As good as that one was, her original material, at its best, was just as good and when it wasn’t, showed a lot of promise: Maloney is a work in progress. She’s got a purist pop sensibility and a gift for a catchy hook that occasionally gets sabotaged by indie cliches, like on one song that was mostly movable chords (where you play, say, a C and then just hold your fingers in the same position as you move randomly up and down the fretboard). Ironically, what might have been her most anthemic vocal line of the whole night was sung over those dissonances. Let’s hope there’s a janglerock band somewhere who can deliver it with the kind of payoff and resolution missing this time around.

The best song of the night was 1855, a soaringly bittersweet tale told from the point of view of someone looking back on their 19th century parents and the single photo of them that exists, and its many implications. Maloney also hit a home run with the evening’s newest number, Holding You, I Was, an achingly elegaic, regretful, elegant but crushingly straightforward narrative set to one of Maloney’s most anthemic tunes. A brooding if upbeat new one referenced Maloney’s Saturn return (an astrological concept relating to when Saturn, on its long orbit, returns to where it was when you were born, ostensibly creating all kinds of havoc). Opening act Will Dailey distinguished himself as an economical and intuitive lead guitarist, a role he should embrace because he’s very good at it: a frontman, he’s not. The one low point was a cover of one of the worst songs ever written – a real stinker, we’re talking Taylor Swift, Britney Spears, hotel-motel-Holiday-Inn bad. But the crowd – on the older, bridge-and-tunnel side – didn’t complain. Still, Maloney should know better. It’s not likely she’ll be breaking that one out at any of the folk festivals she’s playing this summer.

Dark Songstress Ember Schrag Plays a Revealingly Low-Key Brooklyn House Concert

Carlos, the goodlooking, rangy guy who runs the space housing the Gatehouse concert series in Fort Greene, surveyed the room Friday night. His black eyes shifted warily, separating familiar faces from newcomers. His blasé, taciturn expression muted a spring-loaded, muscularly twitchy presence, clearly on the prowl for fresh meat. More about that later.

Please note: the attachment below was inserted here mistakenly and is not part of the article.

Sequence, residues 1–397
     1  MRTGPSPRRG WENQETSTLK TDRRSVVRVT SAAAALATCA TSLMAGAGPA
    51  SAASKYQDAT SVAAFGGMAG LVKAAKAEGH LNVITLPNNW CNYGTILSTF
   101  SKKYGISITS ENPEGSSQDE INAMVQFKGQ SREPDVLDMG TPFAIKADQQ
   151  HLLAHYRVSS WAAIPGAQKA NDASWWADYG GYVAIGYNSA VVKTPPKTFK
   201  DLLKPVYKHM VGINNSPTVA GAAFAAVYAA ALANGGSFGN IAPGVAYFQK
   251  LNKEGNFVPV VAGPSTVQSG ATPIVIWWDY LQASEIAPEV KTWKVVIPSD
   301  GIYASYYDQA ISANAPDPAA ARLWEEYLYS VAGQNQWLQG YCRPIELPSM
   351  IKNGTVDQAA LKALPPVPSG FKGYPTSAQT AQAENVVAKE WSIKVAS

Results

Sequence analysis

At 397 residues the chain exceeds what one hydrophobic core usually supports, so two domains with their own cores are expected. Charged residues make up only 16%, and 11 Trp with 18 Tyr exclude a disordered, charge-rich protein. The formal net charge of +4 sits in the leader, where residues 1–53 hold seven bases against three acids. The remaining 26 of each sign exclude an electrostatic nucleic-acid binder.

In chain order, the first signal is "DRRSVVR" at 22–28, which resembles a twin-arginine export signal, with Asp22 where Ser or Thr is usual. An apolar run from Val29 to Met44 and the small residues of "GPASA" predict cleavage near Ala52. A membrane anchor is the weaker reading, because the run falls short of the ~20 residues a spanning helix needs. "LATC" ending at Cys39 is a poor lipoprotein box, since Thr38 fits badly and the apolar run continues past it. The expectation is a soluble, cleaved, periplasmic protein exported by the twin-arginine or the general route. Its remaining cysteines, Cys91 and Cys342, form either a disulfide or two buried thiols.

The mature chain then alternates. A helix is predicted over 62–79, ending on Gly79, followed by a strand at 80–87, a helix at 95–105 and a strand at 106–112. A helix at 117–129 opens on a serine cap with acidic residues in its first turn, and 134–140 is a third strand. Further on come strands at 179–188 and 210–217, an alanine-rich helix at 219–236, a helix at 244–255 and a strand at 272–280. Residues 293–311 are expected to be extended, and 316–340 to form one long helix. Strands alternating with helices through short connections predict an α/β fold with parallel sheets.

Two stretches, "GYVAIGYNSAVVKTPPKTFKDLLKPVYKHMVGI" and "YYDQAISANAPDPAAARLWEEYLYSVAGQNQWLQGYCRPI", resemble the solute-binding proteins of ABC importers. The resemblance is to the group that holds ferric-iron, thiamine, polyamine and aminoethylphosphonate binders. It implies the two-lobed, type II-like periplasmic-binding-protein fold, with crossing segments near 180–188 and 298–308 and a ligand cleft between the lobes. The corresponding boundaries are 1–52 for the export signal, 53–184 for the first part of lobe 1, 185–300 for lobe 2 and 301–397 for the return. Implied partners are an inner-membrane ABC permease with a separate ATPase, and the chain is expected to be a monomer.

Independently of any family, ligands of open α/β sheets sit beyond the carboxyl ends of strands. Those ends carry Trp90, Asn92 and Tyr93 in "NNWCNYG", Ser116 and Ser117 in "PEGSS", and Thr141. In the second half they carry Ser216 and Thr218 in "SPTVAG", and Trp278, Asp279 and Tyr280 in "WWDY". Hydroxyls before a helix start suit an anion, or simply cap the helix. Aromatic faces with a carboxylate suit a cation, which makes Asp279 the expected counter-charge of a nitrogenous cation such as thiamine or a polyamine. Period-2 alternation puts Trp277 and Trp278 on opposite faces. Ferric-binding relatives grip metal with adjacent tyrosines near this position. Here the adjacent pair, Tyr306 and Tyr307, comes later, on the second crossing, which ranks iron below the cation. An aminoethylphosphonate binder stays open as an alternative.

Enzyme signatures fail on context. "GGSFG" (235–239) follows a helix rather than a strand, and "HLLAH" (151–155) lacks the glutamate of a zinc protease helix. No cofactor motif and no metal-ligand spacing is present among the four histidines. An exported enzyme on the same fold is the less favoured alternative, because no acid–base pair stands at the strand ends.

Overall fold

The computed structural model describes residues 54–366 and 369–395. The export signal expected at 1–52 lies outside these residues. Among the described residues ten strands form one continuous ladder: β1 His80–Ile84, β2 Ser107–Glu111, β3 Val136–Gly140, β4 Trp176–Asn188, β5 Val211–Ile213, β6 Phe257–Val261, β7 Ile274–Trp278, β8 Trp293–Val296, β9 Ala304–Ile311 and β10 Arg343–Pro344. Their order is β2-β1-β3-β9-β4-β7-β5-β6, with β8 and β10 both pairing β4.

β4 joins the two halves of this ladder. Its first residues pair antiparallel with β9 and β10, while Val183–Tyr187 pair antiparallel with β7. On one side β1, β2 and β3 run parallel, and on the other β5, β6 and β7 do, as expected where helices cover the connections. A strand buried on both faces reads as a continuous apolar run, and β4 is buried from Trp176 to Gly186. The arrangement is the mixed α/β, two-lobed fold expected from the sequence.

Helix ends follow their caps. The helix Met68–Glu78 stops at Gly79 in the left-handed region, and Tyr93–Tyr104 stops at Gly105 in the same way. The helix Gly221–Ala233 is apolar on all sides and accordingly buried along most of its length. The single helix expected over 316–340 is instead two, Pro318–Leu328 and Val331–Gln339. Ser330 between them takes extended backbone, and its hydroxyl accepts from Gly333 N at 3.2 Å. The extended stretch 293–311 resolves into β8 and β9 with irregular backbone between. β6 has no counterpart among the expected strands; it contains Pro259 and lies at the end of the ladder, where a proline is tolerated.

Ember Schrag opened the show in a rare all-acoustic duo performance with polymath lead guitarist Bob Bannister. Notwithstanding her DIY esthetic, Schrag is an elegant singer with sophisticated mic technique, and isn’t used to singing without one. So it was interesting to watch her scramble to find a way to project into the space, in the process unleashing an unexpected grit and raw menace that don’t usually find their way into her typically stately, enigmatic vocals. While she’s most recently been mining a richly lyrical, psychedelically-tinged art-rock vein, this setting gave her the chance to air out several tracks from her haunting, low-key, mostly acoustic Great Plains gothic album The Sewing Room, including the title track, a metaphorically-charged battle of angels that ends as an unexpectedly triumphant escape anthem. As the Nebraska-born songwriter told it, there might be more than a little autobiography in there.

Throughout Sutherland, a tensely fingerpicked murder ballad, Schrag’s voice reached for more menace and foreshadowing than her deadpan, Melora Creager-esque delivery on the studio version. By contrast, Virgin in the Shadow of My Shoe – a swaying pop anthem from Schrag’s latest release, a live Folkadelphia session featuring Susan Alcorn on pedal steel – was irresistibly snide and funny. The two guitarists kept a steady stroll going with Banquo’s Book, its ominous series of images and a deliciously understated, bitingly terse, bluesy Bannister solo.

On album, Your Words is a delicate kiss-off anthem; here, Schrag raised the anger factor, but just a little. An older song related an incident involving a collaboration with a free jazz group and an offer of free rent in a space that turned out to have bedbugs; a new one, Speak to Me in Dreams, juxtaposed another trail of nonchalantly murderous imagery with sizzling fretwork from Bannister. Schrag closed with I Ain’t a Prophet, a corruscating remake of a familiar fire-and-brimstone Bible myth – “Got to use a hammer on Jacob’s Ladder,” she calmly intoned.

Now you might think that someone whose songs can be as starkly serious as most of the numbers in this set would bring a similar gravitas to the stage. Not so. In front of an audience, Schrag is a firecracker, bantering with the crowd and sharing insights into her fabulistic, Calvinist imagery. She peppers her songs with all sorts of Old Testament references coupled with an irreverence that at the core is pure oldschool punk rock. And as generous as she is with the keys to her narratives, she also brought a delicious gin/grapefruit punch, and a cake made out of several kinds of flour that everyone was raving about, and some baked chicken.

About two songs before the end of the show, Carlos finally went into action with a flying leap onto the table, poised to make a swipe at the meat. But an audience member in the back calmly lifted the jet-black figure and his furry paws and returned him to his spot on the floor, where the hungry predator regrouped, grudgingly accepted an appreciative pat on the head, and began plotting his next move. Watch this space for upcoming shows by Schrag, with or without furry friends in the house.